DIY clock replica is better than the real thing

diy_tix_clock

After seeing the TIX clock for the first time, [Gweedo Steevens] really wanted one, but wasn’t interested in paying the seemingly high asking price over at ThinkGeek. He figured it wouldn’t be too incredibly hard to build his own, so he decided to give it a shot.

The clock relies on 27 LEDs to display the time, which were multiplexed to make the most of his ATMega16 microcontroller’s available IO pins. Once he was happy with how things functioned on breadboard, he migrated the LEDs to a piece of perf board, and etched his own PCB for the controller circuit.

He used an office overhead lighting grate to separate the LEDs, providing nice uniform light segments. He put a piece of clear perspex on the front to cover the LEDs, but later switched it out for a much darker piece, for better daylight viewing.

The finished product is fantastic, and in our opinion looks even better than the retail version – awesome job!

[via HackedGadgets]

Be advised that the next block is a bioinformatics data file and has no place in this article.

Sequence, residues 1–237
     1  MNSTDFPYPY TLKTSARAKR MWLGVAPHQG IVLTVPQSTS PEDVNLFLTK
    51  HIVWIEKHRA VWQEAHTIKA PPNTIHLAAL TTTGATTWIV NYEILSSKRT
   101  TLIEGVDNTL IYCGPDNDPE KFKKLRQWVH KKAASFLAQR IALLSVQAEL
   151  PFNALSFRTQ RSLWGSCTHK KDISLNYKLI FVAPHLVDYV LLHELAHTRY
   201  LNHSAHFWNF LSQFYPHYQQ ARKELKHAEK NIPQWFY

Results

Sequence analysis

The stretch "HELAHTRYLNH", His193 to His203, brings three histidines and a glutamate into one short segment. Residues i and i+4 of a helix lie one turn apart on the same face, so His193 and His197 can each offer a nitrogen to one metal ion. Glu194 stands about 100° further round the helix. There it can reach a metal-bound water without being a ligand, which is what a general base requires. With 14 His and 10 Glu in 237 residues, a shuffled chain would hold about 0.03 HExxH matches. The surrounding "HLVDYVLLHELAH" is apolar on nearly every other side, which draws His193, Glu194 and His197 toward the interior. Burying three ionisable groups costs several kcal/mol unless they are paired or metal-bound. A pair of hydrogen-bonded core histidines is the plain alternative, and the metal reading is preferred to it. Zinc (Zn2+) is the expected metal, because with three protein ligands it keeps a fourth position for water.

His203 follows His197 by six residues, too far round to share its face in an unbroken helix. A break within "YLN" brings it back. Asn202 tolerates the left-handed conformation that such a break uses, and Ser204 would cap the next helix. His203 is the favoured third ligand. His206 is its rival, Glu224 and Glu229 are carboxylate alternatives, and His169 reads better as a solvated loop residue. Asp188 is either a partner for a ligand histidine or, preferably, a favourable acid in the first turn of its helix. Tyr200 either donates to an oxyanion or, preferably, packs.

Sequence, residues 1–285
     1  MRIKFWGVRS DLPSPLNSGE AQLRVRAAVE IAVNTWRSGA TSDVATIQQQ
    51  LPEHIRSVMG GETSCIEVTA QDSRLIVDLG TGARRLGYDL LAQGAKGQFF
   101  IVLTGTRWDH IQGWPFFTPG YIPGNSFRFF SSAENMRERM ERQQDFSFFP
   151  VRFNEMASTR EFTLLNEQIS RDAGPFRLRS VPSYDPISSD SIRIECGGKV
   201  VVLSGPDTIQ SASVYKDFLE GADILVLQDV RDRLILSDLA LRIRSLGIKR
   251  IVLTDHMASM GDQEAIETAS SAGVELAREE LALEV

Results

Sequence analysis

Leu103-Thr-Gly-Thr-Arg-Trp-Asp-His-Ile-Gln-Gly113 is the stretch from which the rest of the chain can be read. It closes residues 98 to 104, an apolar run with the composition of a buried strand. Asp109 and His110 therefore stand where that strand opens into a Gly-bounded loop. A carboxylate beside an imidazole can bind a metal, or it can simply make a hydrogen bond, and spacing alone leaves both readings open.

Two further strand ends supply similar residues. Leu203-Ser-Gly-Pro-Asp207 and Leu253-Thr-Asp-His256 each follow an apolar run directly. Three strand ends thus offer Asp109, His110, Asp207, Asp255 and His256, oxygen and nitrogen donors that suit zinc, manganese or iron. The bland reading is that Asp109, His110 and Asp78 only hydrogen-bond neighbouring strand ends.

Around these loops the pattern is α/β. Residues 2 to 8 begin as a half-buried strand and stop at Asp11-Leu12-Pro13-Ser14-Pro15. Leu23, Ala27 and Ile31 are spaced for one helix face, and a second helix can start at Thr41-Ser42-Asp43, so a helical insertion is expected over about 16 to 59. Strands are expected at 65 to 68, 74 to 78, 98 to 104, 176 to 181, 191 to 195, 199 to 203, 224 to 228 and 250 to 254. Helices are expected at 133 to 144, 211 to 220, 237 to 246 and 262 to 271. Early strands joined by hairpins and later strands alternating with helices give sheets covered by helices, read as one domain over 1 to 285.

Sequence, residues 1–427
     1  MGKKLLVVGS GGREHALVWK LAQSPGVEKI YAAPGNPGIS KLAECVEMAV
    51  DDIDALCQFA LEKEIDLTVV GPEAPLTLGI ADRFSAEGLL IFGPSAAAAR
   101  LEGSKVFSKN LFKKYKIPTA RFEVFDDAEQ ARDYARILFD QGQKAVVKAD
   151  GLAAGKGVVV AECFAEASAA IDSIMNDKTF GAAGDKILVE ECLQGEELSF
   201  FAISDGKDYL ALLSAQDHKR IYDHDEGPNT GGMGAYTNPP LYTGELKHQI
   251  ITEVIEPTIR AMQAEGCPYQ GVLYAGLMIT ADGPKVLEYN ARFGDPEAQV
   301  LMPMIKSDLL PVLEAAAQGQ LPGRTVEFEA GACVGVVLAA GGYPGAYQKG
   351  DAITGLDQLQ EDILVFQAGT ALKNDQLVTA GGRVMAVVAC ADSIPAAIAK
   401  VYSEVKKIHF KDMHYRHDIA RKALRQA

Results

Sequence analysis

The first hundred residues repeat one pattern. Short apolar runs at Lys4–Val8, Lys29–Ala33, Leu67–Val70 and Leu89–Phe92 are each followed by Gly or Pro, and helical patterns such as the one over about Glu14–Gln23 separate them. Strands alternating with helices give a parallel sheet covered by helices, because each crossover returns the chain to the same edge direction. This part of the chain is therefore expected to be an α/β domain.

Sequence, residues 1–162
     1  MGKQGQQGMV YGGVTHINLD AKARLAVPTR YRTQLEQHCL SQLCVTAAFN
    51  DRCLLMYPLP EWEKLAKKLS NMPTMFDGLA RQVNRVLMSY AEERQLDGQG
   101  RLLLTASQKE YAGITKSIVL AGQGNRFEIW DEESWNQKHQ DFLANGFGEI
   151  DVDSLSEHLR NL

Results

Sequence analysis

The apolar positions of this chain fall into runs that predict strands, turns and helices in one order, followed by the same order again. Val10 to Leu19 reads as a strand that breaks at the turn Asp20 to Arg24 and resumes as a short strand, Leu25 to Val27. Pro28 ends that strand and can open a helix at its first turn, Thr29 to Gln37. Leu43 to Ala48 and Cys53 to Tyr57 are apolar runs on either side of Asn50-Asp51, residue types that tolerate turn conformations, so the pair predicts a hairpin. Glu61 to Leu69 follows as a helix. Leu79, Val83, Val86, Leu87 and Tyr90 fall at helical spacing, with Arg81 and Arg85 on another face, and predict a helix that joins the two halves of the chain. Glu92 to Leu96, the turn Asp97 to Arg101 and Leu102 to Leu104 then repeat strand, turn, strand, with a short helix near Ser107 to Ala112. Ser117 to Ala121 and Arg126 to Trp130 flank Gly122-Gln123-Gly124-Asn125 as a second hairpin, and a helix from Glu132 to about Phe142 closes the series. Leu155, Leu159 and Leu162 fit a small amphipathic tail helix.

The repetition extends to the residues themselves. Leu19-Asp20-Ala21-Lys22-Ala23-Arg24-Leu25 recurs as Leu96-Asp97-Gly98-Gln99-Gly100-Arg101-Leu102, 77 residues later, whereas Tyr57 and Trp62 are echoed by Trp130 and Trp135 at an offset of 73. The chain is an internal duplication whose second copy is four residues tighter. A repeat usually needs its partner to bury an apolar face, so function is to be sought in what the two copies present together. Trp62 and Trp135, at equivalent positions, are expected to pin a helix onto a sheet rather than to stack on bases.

Missile hack taunts your cat

[Atlantageek] sent in a missile launcher project that he threw together. For Christmas he received a Chumby One and a ThinkGeek USB Rocket Launcher as gifts (lucky dog). Neither of these toys are “played with” in the traditional sense as much as they become centerpieces of your next hack. In that spirit, [Atlantageek] immediately wrote a widget to control the launcher via the Chumby. The side effect of driving his cat bonkers was an unexpected bonus.

Tour ThinkGeek’s offices

If you’ve ever been curious what it is like to work at ThinkGeek, check out this video. [John Frazier], a purchasing agent, talks about the history of ThinkGeek as well as what daily work is like. Fairly interesting, but the summary is that it’s just like any other job, with more toys. They probably have to test all the products fairly thoroughly, we know we would.

[thanks Yan]

The future of annoyance

ae83_phantom_keystroker_v2

[Garrett] posted about ThinkGeek updating the Phantom Keystroker to support random capslocking. You may remember that [Garrett] built the Stealth USB CapsLocker for April Fool’s day. The tiny device would randomly turn on the victim’s Caps Lock. This update to the commercial product has inspired him to refresh his own design. He suggests few possible options: random inserts, erratic volume control, or random sleeps. He’s also planning on making it more accessible to hacking. What would you add?

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